Wednesday, August 19, 2015

The Mindset List - Or How To Make You Feel Old When You're Not

The annual list produced by Beloit College is intended as a means of providing professors and administrative staff on college campuses a better idea about the incoming class of Freshman who are set to graduate within the next 4-5 years. It has also evolved into a list of "holy crap, that makes me feel old - what is wrong with kids these days?" But I think it still serves a purpose to those in higher education. There have been a lot of changes socially, economically, environmentally, and politically over the past 10 years. Every new class of students will have been brought up in different world from their predecessors, and it's important to understand why they think the way that they do. It helps professors dive into the mindset of their future student by looking into how today's Freshmen learn, and they are able to tailor their lessons to ensure their students succeed in the classroom.

It's also fun to poke at the list, and inevitably feel depressed about it later. Here are a few to start off your day - things that people born in 1997 have never experienced and/or have always had since coming into this world:

- South Park has always been in existence. So has The Simpsons, but that's been around since the 1980's. South Park is that old. No really. It is. It began in 1997.

- Black and white photos were swapped to color in the New York Times. True story. The Times didn't adopt color into print until 1997.

- Harry Potter has always existed, just like South Park.

- The Lion King has been on Broadway since 1997.

- CNN went to Spanish in 1997, and sugar substitute Splenda was happy to get on the market and advertise their sweet, not-sugar goodness.

With the "Class of 2019" list out and making the rounds on the internet, I wanted to add on a few more bullet points that are video game related. Gaming has been a significant cultural influence to kids and teenagers since the year 2000 (when the industry made a huge shift in technology and content distribution). They have grown up with games in a way many of us never have before. They had access to newer technology, faster upgrades, and instant connections all from their cell phones. How they perceive the world has been affected by video games, so it's important to add these  moments to the master list:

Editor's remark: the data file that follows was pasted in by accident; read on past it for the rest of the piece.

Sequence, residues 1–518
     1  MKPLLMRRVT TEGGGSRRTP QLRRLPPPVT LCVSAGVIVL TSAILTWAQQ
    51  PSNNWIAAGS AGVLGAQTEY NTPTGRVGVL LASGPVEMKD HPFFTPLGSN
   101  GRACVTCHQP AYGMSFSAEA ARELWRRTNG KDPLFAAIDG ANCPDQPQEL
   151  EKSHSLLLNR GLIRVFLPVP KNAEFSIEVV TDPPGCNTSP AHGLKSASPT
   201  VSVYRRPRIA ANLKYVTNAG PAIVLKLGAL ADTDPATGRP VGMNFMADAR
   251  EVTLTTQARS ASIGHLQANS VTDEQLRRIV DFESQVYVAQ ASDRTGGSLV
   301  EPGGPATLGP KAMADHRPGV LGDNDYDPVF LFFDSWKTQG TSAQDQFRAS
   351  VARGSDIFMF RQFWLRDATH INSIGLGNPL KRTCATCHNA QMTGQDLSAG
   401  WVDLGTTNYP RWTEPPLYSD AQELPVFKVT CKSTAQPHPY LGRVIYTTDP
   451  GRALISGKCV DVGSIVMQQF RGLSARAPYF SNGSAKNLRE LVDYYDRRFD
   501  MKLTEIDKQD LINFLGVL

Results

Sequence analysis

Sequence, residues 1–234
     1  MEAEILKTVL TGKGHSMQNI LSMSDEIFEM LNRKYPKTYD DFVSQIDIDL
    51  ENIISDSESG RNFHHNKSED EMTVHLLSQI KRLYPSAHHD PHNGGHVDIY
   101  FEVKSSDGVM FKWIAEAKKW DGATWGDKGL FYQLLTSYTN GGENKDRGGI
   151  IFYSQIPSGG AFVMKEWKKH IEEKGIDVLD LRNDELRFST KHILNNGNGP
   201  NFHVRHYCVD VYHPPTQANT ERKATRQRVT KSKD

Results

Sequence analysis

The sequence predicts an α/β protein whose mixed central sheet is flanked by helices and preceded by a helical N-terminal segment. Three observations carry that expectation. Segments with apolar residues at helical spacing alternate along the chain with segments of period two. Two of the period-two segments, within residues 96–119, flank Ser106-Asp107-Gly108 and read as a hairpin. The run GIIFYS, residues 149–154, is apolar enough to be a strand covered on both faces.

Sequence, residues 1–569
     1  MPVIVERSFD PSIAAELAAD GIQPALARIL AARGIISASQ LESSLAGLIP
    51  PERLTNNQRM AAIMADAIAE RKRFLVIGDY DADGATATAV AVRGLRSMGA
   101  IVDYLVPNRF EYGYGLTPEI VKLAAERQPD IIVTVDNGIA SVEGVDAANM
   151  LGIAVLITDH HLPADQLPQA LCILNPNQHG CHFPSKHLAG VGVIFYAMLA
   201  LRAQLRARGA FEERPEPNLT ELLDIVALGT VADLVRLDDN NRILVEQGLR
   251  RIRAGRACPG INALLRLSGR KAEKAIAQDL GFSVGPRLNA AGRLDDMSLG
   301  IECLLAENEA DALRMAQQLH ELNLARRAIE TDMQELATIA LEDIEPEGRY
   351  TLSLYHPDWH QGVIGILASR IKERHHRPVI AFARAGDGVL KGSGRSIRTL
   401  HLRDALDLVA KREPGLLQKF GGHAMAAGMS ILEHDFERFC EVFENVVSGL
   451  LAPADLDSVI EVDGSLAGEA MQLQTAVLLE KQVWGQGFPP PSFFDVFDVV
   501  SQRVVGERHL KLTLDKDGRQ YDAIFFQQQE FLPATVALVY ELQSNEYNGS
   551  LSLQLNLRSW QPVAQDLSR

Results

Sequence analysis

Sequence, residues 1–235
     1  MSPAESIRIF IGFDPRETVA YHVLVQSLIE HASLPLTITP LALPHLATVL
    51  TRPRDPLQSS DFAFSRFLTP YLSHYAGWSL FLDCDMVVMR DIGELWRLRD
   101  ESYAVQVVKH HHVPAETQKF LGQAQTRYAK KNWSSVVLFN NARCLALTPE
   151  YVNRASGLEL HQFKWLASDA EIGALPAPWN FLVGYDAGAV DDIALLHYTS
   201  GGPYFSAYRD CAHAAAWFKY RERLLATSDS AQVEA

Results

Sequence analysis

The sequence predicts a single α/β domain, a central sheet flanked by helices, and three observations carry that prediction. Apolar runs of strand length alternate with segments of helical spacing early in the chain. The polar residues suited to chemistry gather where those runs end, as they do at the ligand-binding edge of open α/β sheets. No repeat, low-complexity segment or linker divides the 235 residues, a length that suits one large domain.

- 1997 was one of the largest years in gaming, sales of the PS1 blew up because of Final Fantasy 7.

- 10 Days later Mario Kart 64 beefed up the N64 output. Followed by Golden Eye 64 in April (the definitive Bond game).

- It was also the first year for Grand Theft Auto. Kids starting college this year have ALWAYS had GTA in their lives.

- With the exception of the N64, the 1997-ers have utilized discs to play their console games. Some of these kids may never have had access to an N64. By the time they were old enough to hold a controller, the XBox and PS2 were being released.

- 8 bit and 32 bit are not normal terms for kids of this time frame. They don't know that Mario use to look like a bunch of red, blue, and white squares.

- They also don't understand why we like "retro." It's all blocky, and stuff.

- Online gaming. It has been there for the 1997-ers. Mostly without dial-up. How depressing is that? Those born in 1997 most likely have never heard of the AOL dial-up noise.

- They also don't know the joys of the Game Genie and it's game-breaking cheats. It died out by 1996.

- And finally, just to make you all feel that much older: Pokémon for the Gameboy was released in 1996. The anime began airing in 1997 (1998 in the US). People born in 1997 have been exposed to Pokémon since birth.

You're welcome.

Now that I look at the list, a lot of cool stuff came out in 1997. Man. That was a great year to be a gaming teenager. There was also X-Wing vs Tie Fighter, Fallout, Curse of Monkey Island, PaRappa the Rapper, Final Fantasy Tactics, Ultima Online, Age of Empires...1997 was awesome!


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